Building a portfolio of rental properties can provide you with limitless wealth if you focus on the right assets. For as good as rentals can be, they can be equally as bad if you don’t know what to look for. Many investors will look at the property itself instead of how the property is as a rental. All it takes is for you to miscalculate the repairs or to overestimate your projections to get involved in a bad property. Before you make an offer on any rental property, there are a few things that you should look at that will give you a real indication as to just what you are buying.
A successful rental property comes down to income and expenses. It is crucial that you factor in all of the expenses that you will endure. Major expenses such as loan repayment, taxes, insurance and some utilities are fairly obvious, but there are many others that can easily be overlooked. Everything from a vacancy factor to snow removal must be accounted. There are many good rental property checklists you can find online, or you can list every expense you can think of on a spreadsheet. The expenses are one major piece in determining the cash flow of the property. All of them need to be accounted for if you want a true estimate.
It is not enough to simply list the expenses. You need to make sure your numbers are accurate. In reality, things rarely go smoothly when it comes to a rental property. You will need to repair or replace items that you may not have originally thought. It is important that you are conservative with your estimates and leave some room for error. Many investors think they can sprinkle their magic dust on the property and it will automatically turn profitable as soon as they take ownership. The more conservative you are with your expenses, the better chance you will see positive cash flow every month.
It is important to know what numbers you can change and which may be a stretch. If the property is renting for $800/mo, there is not much work you can do to get that figure to $1200. You may think that your new appliances and fresh coat of paint will attract renters, but it may not have the impact that you think. Renters are interested in location, price and amenities. They typically aren’t interested in paying over market rent for extras. Look at other rentals on the market in your area. If there are similar properties, they will almost always lean towards the one that is less expensive. New appliances will have an impact on the value when you sell, but it may not give you the sharp increase in monthly cash flow.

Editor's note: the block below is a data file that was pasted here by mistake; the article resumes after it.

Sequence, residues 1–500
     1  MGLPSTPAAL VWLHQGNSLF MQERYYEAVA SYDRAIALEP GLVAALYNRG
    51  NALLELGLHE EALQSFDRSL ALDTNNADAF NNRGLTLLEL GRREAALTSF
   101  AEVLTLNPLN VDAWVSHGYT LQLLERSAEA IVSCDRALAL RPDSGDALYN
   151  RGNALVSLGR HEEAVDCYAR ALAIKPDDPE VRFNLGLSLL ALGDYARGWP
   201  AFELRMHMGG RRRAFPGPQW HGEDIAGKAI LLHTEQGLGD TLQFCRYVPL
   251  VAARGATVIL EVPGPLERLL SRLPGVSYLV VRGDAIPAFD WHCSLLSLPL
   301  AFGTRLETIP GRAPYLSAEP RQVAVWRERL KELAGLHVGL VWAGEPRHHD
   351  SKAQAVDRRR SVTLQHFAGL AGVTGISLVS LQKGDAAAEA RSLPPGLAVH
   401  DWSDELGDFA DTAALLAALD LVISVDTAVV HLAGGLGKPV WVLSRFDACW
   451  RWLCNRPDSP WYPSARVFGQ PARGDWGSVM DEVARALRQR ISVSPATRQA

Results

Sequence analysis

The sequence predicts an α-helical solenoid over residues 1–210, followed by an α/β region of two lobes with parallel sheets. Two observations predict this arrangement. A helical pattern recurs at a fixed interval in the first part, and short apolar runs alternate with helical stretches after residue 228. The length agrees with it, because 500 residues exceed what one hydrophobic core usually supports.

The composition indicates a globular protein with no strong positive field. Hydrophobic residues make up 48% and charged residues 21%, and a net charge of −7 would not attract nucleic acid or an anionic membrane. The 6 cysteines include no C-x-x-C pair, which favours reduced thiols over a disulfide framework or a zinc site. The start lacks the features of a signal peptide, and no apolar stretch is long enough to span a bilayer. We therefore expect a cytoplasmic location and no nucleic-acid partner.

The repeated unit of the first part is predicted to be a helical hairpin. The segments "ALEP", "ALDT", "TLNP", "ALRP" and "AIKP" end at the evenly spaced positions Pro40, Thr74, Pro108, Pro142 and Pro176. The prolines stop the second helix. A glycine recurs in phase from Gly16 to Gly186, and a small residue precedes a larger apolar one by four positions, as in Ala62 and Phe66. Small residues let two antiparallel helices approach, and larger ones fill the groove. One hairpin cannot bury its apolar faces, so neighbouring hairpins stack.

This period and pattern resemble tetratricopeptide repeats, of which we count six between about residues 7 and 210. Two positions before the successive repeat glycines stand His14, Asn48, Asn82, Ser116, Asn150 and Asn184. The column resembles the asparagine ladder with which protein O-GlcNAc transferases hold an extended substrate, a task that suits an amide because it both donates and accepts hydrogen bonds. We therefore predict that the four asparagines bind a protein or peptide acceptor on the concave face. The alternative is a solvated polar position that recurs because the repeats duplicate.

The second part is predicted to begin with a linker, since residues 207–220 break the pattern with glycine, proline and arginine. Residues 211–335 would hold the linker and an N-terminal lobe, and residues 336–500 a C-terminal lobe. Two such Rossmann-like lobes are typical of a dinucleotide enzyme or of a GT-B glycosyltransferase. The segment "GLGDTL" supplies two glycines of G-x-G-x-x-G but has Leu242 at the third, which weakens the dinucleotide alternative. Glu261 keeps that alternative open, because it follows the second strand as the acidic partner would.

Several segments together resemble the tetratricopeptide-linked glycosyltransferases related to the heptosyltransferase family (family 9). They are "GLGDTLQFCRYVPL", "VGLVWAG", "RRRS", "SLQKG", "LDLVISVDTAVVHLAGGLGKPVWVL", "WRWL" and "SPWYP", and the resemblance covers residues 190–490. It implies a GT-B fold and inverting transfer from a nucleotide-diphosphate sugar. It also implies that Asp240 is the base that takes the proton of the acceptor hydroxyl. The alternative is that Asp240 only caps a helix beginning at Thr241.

What is the biggest attraction to potential tenants? This sounds simple enough, but when evaluating a property you need to think about it from a renter’s perspective. If your property is located near a college or university, you can assume that a bulk of your tenants will be college students. This is great for demand and in obtaining a higher rent amount, but you will also have to deal with issues that you wouldn’t if you rented to a family. Location and price are critical, but look at what makes your rental unique to the market.
One of the biggest mistakes that new landlords make is not budgeting for and having enough cash reserves. Unless the property is completely remodeled, there are going to be items that will need to be updated at some point. Even if your property doesn’t need work, you never know when your tenant will stop paying and you will need to cover the mortgage. When evaluating the property, think about how much reserves you will need. If you do not go into the purchase with these reserves, you may need to find a different property or wait until you build your reserves up. Without cash to do the work you want, things will quickly unravel – even with the best properties. There is nothing saying that you have to use the cash reserves you set aside each year, but it is better to have them and not use than to scramble looking for it when you need to. Between unforeseen weather issues and everything else that could go wrong with a rental property, you need to have cash reserves if you want a successful property.
Owning a rental property is like running an individual business. Don’t fall in love with the property, but fall in love with the rental potential and the numbers associated with it. A good property may not always translate into a good rental property. Look at all the numbers and make sure they are as accurate as possible. It is easy to bend these if you really want the property, but all you are doing is setting yourself up for trouble. If you have a system in place, it will make your job that much easier. Evaluating a potential rental property takes time and due diligence, but if you can find the right properties you will quickly see the reward.
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